Today, Friday the Thirteenth, is a lucky day for composer Wang Jie and Festival Opera. Company General Director Sara Nealy is in the audience in New York City as OPERA America, the national service organization for all things operatic, is presenting the New Works Showcase, including a preview of the Wang Jie opera that Bay Area audiences will see at the end of the year.
It is Rated R for Rat, about artists contending with an oppressive bureaucracy, represented as characters of the Chinese Zodiac. The creative team for Rat includes Festival Opera Music Director Michael Morgan and stage director Mo Zhou. Singers at the New York preview are Keith Browning, Liam Moran, Blythe Gaissert, and Lauren Worsham.
Wang Jie is Festival Opera’s 2016-17 composer in residence; her work is being developed in collaboration with American Opera Projects. A workshop of excerpts from the opera was staged at the S.F. Conservatory of Music in October; the production is supported by an award from the National Endowment for the Arts, and contributions from OPERA America, the Dean and Margaret Lesher Foundation, the William and Flora Hewlett Foundation, the Bernard Osher Foundation, the Zellerbach Foundation, and the Ann and Gordon Getty Foundation.
Rated R for Rat is being expanded from it’s original, 30-minute form (when it was titled From the Other Sky.) As a recipient of OPERA America’s Female Commissioning Grant, this first version premiered in Carnegie Hall at the American Composers Orchestra’s 2010 season-opening concert. A New Criterion review called it “whimsical, campy, tragic, haunting.” The opera’s story tells how the Chinese Zodiac is downsized to 12. Experiencing human compassion for the first time, the thirteenth Zodiac Goddess loses her place in the heavens in order to share her musical powers with mankind.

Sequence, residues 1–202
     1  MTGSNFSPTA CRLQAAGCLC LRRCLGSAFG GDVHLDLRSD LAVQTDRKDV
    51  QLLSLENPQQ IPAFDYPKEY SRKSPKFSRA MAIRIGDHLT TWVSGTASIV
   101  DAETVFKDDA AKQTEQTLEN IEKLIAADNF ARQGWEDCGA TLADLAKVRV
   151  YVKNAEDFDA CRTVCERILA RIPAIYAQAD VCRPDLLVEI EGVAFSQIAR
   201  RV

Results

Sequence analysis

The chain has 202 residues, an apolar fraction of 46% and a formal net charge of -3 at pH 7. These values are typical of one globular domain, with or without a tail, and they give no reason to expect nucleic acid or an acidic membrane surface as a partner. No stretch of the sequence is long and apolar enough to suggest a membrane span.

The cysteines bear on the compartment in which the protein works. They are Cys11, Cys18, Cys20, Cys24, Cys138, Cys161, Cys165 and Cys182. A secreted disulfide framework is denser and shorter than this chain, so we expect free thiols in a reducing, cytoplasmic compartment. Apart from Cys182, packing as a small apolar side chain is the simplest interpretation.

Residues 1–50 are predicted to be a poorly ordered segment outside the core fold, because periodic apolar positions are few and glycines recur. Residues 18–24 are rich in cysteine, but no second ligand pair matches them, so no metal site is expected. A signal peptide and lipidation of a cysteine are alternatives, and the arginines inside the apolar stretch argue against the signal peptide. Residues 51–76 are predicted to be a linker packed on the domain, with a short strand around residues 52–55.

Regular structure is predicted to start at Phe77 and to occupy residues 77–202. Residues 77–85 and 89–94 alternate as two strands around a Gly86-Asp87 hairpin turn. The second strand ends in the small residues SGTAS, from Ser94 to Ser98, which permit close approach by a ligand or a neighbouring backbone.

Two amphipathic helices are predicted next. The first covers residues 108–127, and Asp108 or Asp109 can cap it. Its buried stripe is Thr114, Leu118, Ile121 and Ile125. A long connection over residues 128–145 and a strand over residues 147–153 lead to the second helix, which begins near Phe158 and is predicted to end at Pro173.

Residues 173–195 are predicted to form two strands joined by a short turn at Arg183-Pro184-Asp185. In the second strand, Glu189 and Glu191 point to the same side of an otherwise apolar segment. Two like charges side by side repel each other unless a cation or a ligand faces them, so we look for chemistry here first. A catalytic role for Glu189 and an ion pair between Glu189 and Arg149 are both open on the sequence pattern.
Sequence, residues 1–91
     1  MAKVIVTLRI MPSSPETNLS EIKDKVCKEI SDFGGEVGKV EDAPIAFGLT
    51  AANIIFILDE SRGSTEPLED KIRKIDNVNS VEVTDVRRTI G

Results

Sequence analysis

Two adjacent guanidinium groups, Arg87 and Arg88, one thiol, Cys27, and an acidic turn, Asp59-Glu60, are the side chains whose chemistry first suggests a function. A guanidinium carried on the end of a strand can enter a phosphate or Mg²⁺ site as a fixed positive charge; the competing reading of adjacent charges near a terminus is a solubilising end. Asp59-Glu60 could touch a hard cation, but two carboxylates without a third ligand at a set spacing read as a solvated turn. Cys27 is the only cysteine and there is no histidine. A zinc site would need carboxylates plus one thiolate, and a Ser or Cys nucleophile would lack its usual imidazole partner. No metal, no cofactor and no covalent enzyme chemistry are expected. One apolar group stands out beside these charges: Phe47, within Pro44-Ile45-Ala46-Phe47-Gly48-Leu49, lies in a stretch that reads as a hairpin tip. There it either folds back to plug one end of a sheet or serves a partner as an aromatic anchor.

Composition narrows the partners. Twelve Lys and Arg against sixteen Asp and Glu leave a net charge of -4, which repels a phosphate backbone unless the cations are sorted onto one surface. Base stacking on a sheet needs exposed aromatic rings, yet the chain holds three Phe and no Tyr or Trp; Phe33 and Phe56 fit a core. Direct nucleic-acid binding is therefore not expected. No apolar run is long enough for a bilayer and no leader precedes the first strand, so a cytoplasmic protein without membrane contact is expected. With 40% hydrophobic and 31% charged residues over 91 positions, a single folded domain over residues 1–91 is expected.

Described on her website as “part cartoon character, part virtuoso, musical whiz kid,” Wang Jie, 36, was born in Shanghai. She performed as a piano prodigy at age 5, and later a scholarship from the Manhattan School of Music brought her to the U.S. Among her many accomplishments is her Symphony No. 2, commissioned and premiered by Detroit Symphony Orchestra under the baton of Leonard Slatkin, and streamed live to a worldwide audience. The showcase of her tragic opera Nannan by New York City Opera’s VOX led to the production of her chamber opera Flown, commissioned and produced by Music-Theatre Group.
She holds honors from ASCAP, American Academy of Arts and Letters, the Koussevitzky Foundation in the Library of Congress, NYU, OPERA America, among others.
The New York event, in The Town Hall, includes five American companies whose operas-in-development have been selected for the Showcase. Besides the Festival Opera presentation, the program includes Charlotte Salomon: Der Tod und die Malerin by Michelle DiBucci; Machine by Rene Orth and Jason Kim; Before the Night Sky by Randall Eng and Donna Di Novelli; The Nefarious, Immoral but Highly Profitable Enterprise of Mr. Burke & Mr. Hare, by Julian Grant and Mark Campbell.